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*To*: Aubrey Jaffer <agj@xxxxxxxxxxxx>*Subject*: Re: Nitpick with FLOOR etc.*From*: Paul Schlie <schlie@xxxxxxxxxxx>*Date*: Fri, 05 Aug 2005 10:51:18 -0400*Cc*: <srfi-70@xxxxxxxxxxxxxxxxx>*Delivered-to*: srfi-70@xxxxxxxxxxxxxxxxx*In-reply-to*: <BF18EFCD.B16F%schlie@xxxxxxxxxxx>*User-agent*: Microsoft-Entourage/11.1.0.040913

> From: Paul Schlie <schlie@xxxxxxxxxxx> >> From: Aubrey Jaffer <agj@xxxxxxxxxxxx> >> | Date: Tue, 02 Aug 2005 21:48:52 -0400 >> | From: Paul Schlie <schlie@xxxxxxxxxxx> >> | >> | > From: Aubrey Jaffer <agj@xxxxxxxxxxxx> >> | > | From: Paul Schlie <schlie@xxxxxxxxxxx> >> | > | >> | > | - I still don't understand how it's acceptable for (/ 1/-0.0) >> | > | => 0.0, as it seems neither necessary, nor desirable to >> | > | propagate IEEE-754 mistake. >> | > >> | > (limit / -/0. -1.0e222) ==> 0.0 >> | >> | - which is only the case as you don't differentiate between -0.0 >> | and +0.0; >> >> The `limit' procedure does not call `/' at the limit point. >> Its last call to `+' generating the return value is >> >> (+ 999.9999999999999e-225 -999.9999999999999e-225) ==> 0.0 > > - Therefore it would appear the implementation of limit is flawed, > as if it is agreed that: #i-1/0 :: -1.0/0 :: 1/-0.0 :: -Inf.0 > then it follows that it's reciprocal must then be correspondingly > both infinitesimally small and negative (not positive). Apparently > resulting from it's implementation not treating +-0.0 as special > case reciprocal infinite, as in general the magnitude of the > deviation about a value should never be greater than the magnitude > of the value itself, as otherwise the limit calculation will be > erroneous, where the only arguable exception would be about an > absolute 0, where by definition any deviation about itself will > result in varying signed magnitudes (where absolute 0 has neither > a sign nor magnitude). - more specifically, deviations about a point should only likely be considered generically acceptable iff they remain within the region of a function's continuity; where for division this deviations of greater magnitude than the limit point will produce errinous results.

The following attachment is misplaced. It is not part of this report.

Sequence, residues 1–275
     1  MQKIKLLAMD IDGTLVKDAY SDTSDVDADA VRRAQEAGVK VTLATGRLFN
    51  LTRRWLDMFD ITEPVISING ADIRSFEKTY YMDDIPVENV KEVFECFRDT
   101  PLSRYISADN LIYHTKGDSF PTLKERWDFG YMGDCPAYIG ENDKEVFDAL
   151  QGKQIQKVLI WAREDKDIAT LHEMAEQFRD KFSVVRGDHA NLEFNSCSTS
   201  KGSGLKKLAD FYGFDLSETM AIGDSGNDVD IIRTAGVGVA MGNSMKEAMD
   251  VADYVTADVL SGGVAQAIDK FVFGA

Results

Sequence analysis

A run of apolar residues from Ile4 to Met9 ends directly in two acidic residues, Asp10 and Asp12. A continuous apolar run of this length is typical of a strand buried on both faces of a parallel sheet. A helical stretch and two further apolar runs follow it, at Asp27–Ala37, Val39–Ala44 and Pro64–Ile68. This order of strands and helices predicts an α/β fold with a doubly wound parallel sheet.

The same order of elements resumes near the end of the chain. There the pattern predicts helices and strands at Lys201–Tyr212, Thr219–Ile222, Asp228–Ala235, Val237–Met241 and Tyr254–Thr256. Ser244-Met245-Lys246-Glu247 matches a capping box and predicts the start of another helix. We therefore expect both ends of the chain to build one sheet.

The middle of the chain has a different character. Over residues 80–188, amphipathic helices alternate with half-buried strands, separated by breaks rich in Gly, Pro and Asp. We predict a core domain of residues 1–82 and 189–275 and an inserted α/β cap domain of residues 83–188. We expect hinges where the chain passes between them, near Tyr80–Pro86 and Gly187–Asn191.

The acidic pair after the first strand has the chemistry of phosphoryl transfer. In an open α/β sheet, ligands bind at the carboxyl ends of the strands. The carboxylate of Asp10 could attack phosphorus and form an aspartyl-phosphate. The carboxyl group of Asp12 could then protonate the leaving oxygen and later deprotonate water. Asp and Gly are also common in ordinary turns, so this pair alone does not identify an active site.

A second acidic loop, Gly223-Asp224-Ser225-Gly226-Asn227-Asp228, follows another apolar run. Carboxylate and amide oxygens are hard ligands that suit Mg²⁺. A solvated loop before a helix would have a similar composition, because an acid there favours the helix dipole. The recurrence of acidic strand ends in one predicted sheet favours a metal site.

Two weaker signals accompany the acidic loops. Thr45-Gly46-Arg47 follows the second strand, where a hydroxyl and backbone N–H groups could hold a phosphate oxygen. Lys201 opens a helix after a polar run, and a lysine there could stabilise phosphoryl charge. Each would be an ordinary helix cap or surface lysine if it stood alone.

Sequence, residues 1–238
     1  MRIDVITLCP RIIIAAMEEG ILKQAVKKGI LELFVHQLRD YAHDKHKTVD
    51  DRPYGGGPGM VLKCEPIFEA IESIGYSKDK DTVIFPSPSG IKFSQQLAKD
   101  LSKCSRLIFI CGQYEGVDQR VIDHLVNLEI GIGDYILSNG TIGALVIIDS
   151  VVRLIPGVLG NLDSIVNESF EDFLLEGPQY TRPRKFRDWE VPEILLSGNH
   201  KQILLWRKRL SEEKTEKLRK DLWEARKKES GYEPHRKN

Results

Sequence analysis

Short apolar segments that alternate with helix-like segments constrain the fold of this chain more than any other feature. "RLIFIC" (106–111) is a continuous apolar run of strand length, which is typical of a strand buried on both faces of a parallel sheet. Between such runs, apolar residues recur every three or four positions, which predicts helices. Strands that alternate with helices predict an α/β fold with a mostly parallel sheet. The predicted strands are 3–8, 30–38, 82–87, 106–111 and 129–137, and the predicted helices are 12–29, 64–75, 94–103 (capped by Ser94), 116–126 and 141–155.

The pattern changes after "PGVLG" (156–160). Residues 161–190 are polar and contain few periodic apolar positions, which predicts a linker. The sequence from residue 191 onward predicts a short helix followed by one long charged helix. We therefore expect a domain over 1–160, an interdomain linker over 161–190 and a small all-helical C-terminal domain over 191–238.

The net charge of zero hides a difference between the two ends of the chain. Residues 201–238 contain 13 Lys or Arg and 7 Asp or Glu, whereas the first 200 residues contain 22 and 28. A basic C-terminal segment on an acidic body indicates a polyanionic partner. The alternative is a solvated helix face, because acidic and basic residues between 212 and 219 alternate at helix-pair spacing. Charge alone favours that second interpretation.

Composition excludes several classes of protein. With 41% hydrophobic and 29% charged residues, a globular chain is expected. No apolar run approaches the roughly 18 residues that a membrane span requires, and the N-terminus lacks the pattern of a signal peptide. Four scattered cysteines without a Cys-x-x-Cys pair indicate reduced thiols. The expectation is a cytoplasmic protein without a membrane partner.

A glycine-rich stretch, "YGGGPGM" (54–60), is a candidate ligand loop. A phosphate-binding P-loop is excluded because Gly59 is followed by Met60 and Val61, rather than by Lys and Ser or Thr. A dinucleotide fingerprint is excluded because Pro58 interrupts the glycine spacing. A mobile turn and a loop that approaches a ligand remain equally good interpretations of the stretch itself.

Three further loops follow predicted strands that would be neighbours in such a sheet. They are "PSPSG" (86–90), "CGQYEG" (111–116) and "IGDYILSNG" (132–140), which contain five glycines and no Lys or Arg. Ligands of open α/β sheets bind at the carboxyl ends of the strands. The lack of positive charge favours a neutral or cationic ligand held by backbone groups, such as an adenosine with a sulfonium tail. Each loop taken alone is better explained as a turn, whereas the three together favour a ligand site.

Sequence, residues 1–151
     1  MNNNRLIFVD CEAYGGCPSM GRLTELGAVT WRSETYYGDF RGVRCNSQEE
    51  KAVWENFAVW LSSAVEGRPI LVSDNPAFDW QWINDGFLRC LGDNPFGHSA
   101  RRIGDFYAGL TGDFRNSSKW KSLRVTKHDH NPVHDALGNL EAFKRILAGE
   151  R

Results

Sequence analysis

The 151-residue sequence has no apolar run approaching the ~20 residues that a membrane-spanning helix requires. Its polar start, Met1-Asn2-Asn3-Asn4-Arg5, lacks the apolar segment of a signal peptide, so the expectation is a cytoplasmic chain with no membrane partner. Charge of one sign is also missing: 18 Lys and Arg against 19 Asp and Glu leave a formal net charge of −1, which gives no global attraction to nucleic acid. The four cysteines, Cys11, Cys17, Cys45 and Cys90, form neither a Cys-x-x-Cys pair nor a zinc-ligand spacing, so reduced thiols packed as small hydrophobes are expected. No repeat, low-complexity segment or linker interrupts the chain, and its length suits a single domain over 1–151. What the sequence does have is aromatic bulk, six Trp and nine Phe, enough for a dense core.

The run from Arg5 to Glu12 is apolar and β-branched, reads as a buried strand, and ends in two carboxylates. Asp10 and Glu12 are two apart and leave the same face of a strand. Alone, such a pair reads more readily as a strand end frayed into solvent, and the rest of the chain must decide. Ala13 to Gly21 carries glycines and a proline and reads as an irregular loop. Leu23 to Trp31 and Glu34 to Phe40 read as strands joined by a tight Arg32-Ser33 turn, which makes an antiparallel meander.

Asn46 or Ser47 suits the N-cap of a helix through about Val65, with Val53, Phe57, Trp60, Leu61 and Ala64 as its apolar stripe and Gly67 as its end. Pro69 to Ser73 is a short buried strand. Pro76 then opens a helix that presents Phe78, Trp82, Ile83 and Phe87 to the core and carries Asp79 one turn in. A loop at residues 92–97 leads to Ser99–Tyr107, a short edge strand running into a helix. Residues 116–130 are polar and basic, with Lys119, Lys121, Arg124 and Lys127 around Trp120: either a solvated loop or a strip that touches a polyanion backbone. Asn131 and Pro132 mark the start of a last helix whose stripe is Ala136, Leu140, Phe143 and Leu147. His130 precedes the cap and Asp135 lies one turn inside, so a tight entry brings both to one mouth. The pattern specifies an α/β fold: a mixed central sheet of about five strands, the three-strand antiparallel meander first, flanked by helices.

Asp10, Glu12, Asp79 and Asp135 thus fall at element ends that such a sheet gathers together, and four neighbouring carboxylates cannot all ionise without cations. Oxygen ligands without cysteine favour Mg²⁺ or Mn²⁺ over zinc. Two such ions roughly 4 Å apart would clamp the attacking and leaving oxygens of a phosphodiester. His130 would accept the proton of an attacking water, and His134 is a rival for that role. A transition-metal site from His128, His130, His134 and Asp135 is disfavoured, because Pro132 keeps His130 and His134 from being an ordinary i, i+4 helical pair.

**References**:**Re: Nitpick with FLOOR etc.***From:*Paul Schlie

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